For the past decade, pediatricians have recommended avoiding peanuts and tree nuts during pregnancy because of the concern that exposure to an allergen at this time might increase the likelihood of the baby having a food allergy, particularly if there is a strong family history of nut allergy. In spite of these recommendations, not only did the prevalence of allergies fail to decline, but significantly increased during this period, with reported cases of nut allergy tripling from 1997 to 2010 Noting this disturbing trend, in 2008 the American Academy of Pediatricians withdrew their recommendation to avoid any foods during pregnancy to prevent food allergy.
And now, a recent study from Boston Children’s Hospital suggests that eating nuts during pregnancy can actually decrease the risk of allergy in their children. This study found that the children of moms who ate five or more servings of peanuts and tree nuts a week were less likely to develop allergies to these foods than kids whose mothers ate less than one serving a month. Pregnant mothers who are allergic to nuts, of course, should continue to avoid these foods.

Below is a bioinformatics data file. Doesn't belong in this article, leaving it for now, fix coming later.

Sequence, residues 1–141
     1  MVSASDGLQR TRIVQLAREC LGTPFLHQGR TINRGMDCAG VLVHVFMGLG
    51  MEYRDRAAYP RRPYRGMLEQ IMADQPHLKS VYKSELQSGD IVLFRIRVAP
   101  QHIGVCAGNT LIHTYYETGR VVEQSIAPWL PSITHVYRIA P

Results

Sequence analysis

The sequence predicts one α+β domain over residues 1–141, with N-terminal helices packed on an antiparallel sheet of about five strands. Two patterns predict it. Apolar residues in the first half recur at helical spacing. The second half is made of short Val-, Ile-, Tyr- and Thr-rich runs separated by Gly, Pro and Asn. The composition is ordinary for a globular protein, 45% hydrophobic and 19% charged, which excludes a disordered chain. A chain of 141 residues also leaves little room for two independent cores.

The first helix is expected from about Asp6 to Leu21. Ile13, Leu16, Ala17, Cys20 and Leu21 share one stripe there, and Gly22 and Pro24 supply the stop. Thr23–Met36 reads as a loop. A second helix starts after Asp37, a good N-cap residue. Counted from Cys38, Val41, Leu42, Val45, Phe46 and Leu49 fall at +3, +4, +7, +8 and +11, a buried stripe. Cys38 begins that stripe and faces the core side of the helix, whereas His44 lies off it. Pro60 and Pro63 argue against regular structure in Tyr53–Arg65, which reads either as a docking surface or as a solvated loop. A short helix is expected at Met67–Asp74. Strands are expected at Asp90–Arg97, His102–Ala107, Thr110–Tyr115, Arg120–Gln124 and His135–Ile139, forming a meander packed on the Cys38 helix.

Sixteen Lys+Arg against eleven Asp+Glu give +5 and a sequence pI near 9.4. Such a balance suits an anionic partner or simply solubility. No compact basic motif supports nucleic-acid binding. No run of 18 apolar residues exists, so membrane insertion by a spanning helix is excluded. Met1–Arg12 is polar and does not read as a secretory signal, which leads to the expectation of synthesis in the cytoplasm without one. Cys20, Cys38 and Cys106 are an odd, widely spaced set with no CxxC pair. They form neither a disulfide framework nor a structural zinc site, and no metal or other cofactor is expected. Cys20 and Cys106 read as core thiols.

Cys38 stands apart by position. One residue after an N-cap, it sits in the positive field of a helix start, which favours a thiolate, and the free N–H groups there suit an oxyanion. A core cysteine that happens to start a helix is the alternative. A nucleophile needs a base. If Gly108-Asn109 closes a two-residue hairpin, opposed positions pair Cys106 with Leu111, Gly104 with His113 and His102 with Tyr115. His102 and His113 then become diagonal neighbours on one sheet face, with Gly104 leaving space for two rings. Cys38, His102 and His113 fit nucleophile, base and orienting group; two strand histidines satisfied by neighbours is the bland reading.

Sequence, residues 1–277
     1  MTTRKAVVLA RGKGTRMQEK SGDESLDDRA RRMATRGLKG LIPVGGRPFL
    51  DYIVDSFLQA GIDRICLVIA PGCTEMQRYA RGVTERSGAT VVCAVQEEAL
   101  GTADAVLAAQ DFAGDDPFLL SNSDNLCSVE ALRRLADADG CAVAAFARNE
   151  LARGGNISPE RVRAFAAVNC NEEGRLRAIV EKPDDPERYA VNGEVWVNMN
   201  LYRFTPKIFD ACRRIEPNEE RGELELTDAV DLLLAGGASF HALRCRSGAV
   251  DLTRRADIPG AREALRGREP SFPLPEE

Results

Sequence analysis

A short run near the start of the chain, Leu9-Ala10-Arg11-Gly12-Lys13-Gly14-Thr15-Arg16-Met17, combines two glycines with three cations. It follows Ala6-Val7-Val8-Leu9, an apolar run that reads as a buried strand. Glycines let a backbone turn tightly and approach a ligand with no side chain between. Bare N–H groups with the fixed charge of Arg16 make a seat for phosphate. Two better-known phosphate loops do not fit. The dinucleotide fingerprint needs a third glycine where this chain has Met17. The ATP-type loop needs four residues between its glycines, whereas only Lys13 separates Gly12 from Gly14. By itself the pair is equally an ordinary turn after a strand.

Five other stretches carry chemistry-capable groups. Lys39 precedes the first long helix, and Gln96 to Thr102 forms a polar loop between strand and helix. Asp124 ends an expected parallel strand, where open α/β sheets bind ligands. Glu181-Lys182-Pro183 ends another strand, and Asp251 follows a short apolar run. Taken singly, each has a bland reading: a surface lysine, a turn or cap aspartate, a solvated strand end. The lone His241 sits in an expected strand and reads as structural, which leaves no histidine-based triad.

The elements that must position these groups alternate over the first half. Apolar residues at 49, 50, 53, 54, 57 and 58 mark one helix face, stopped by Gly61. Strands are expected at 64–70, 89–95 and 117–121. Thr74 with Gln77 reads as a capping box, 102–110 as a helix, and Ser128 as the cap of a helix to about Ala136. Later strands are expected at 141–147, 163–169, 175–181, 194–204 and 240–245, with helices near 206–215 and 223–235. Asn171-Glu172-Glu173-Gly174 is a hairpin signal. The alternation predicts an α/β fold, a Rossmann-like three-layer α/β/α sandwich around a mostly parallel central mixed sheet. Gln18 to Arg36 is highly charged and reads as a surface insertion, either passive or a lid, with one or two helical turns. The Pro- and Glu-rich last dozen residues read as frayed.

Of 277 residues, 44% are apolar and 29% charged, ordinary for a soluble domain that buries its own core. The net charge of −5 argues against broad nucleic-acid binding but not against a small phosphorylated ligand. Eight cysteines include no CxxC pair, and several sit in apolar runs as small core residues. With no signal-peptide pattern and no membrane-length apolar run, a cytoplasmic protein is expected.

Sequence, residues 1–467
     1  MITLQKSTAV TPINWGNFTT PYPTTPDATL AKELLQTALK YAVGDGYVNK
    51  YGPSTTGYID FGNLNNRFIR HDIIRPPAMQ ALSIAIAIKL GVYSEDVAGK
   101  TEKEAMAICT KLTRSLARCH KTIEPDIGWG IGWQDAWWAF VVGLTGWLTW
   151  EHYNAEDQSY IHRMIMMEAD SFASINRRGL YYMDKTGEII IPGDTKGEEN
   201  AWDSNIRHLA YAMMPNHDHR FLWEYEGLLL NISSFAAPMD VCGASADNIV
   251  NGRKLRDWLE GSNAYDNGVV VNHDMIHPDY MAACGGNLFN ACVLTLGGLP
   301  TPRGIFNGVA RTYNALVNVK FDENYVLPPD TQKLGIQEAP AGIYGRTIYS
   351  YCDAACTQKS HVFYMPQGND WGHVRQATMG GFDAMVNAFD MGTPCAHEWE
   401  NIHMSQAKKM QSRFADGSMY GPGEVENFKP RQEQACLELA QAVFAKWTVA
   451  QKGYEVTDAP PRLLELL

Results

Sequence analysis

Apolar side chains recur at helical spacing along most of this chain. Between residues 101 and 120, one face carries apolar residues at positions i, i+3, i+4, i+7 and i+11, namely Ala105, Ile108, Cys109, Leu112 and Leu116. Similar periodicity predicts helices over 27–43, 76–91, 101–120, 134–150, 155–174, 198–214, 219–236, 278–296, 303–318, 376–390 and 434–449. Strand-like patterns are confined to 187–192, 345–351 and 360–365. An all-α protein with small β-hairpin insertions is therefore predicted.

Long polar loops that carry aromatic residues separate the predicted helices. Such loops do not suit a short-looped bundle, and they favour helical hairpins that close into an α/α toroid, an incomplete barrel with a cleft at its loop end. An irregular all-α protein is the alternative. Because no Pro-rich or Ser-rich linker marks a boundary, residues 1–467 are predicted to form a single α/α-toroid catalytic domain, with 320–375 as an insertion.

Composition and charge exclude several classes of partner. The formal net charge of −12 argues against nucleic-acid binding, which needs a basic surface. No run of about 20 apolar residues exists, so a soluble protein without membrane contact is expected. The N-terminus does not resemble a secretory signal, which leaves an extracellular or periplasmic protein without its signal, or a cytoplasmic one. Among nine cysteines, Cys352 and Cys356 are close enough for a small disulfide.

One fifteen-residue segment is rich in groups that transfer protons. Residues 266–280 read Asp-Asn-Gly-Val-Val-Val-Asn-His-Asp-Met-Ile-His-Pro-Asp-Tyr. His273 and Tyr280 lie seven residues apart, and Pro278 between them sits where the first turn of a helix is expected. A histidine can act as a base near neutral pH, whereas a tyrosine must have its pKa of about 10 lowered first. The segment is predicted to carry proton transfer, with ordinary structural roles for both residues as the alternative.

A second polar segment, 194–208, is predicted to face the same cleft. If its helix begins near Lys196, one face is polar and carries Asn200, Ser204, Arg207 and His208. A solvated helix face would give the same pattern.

The results of this study highlights a principle that has become clearer over the past several years as more research is directed at the growing problem of food allergy: withholding exposure to an allergen, particularly in young children may end up causing the problem that we are trying to prevent.